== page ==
Leather K. J. Adcock

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160 pages


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Leather  by  K. J. Adcock

Leather by K. J. Adcock
| Kindle Edition | PDF, EPUB, FB2, DjVu, audiobook, mp3, ZIP | 160 pages | ISBN: | 5.39 Mb

Leather From the Raw Material to the Finished ProductBefore describing the making of leather by up-to-date methods, it may be useful to attempt to outline the evolution of the ancient art of tanning and dyeing skins. As everyone knows, leather is theMoreLeather From the Raw Material to the Finished ProductBefore describing the making of leather by up-to-date methods, it may be useful to attempt to outline the evolution of the ancient art of tanning and dyeing skins. As everyone knows, leather is the preserved skin of various animals, but the origin of the conversion of raw skins into an imputrescible material will probably never be traced, and it can only be assumed that the processes necessary to produce leather from skins were gradually and, in most cases, accidentally discovered.

Long before the Christian era, the ancient Egyptians had succeeded in bringing the manufacture of leather to remarkable perfection, and, had they at their service the wonderful machinery now available to the leather industry, it is certain that their productions would have lost little or nothing by comparison with modern leather.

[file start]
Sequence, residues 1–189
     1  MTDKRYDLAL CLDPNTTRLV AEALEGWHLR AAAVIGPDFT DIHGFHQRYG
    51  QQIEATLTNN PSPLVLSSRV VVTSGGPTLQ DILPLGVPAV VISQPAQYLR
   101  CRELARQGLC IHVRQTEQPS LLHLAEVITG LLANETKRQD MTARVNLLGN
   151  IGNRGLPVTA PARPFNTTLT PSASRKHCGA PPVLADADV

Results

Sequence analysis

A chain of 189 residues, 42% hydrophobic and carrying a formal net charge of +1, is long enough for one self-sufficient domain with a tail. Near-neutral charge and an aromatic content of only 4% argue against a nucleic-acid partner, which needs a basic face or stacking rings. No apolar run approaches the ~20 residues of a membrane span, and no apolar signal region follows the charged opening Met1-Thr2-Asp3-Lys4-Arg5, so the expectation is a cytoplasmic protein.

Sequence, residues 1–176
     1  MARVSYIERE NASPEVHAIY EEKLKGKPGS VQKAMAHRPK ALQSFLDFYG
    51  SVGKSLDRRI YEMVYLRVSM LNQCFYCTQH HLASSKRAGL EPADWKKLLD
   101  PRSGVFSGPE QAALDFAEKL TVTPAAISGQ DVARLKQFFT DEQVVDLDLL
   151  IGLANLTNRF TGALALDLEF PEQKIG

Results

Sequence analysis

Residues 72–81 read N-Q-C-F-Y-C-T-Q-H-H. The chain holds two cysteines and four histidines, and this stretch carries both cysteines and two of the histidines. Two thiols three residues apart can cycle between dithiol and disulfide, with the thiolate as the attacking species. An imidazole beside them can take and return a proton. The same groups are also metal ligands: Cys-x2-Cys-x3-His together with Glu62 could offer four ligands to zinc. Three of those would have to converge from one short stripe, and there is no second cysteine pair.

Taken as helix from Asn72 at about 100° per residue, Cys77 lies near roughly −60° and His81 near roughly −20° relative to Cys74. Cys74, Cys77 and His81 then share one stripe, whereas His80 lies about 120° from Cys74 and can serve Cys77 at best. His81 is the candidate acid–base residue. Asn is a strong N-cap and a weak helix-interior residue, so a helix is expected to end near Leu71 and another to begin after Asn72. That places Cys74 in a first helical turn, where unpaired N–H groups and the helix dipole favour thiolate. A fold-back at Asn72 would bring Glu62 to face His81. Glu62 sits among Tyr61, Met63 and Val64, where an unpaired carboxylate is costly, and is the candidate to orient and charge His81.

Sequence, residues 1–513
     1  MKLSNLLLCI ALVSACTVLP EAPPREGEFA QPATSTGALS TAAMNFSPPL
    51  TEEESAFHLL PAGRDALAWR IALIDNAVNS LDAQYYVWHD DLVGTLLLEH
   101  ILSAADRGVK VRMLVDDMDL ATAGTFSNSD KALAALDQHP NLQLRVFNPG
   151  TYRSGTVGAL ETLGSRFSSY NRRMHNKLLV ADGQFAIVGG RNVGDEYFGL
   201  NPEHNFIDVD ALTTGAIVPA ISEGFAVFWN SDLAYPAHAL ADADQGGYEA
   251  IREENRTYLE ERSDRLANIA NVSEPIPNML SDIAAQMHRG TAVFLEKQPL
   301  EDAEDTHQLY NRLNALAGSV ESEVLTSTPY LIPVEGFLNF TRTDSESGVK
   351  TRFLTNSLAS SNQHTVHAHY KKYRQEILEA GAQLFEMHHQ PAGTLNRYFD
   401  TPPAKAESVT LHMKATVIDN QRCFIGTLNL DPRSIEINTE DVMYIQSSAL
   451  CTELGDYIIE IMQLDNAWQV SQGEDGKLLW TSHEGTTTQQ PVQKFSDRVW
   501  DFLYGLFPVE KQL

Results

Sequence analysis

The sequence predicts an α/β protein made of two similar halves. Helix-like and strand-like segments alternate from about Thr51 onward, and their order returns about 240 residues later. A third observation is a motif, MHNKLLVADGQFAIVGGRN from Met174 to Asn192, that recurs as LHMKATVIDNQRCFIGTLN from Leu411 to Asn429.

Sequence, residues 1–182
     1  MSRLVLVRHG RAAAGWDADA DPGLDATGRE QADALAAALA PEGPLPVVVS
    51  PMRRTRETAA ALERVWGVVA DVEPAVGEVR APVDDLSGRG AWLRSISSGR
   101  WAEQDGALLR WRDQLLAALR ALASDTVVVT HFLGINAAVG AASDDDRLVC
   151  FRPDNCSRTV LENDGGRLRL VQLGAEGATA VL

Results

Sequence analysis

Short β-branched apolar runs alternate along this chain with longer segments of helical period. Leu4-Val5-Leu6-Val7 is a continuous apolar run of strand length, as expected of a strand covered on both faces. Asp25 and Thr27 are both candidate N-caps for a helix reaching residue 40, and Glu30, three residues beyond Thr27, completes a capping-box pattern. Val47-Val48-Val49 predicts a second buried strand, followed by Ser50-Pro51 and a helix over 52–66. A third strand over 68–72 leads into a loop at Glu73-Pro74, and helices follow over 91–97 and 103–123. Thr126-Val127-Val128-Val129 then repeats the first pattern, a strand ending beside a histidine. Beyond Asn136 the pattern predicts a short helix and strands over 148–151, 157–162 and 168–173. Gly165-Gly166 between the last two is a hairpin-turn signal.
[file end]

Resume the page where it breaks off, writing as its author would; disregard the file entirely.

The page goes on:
Happily, specimens of ancient Egyptian leather have been preserved in one national museum, and, although they are said to have been made at least 3,000 years ago, the colour and natural strength of the leather are unimpaired.Judging by the advanced state of the art of leather manufacture in the early Egyptian period, it is obvious that the origin of its manufacture must have considerably antedated that period, and, indeed, it would be necessary to go back almost to the creation of man to find the origin of the use of preserved animal skins for 2 clothing.

The primitive method would naturally consist of simply drying the skin, in which condition it would keep for many years unless it came into contact with moisture, though its horniness would no doubt cause the wearer much discomfort. It must not be supposed that the wearing of dried raw skins with the hair left on was impracticable, for even to-day some of the skins of fur-bearing animals used for personal adornment are cured in this primitive way, with the additional treatment with napthalene for disinfecting purposes and keeping away injurious insects and moths, the object of the limited amount of dressing being to preserve the natural strength and coloration of the fur.

In such a condition, however, the skins are liable to acquire an unpleasant odour, and for hygienic reasons it is advisable that all skins in the hair used for clothing or rugs should be properly dressed, so that no decay sets in to loosen the hair or fur.



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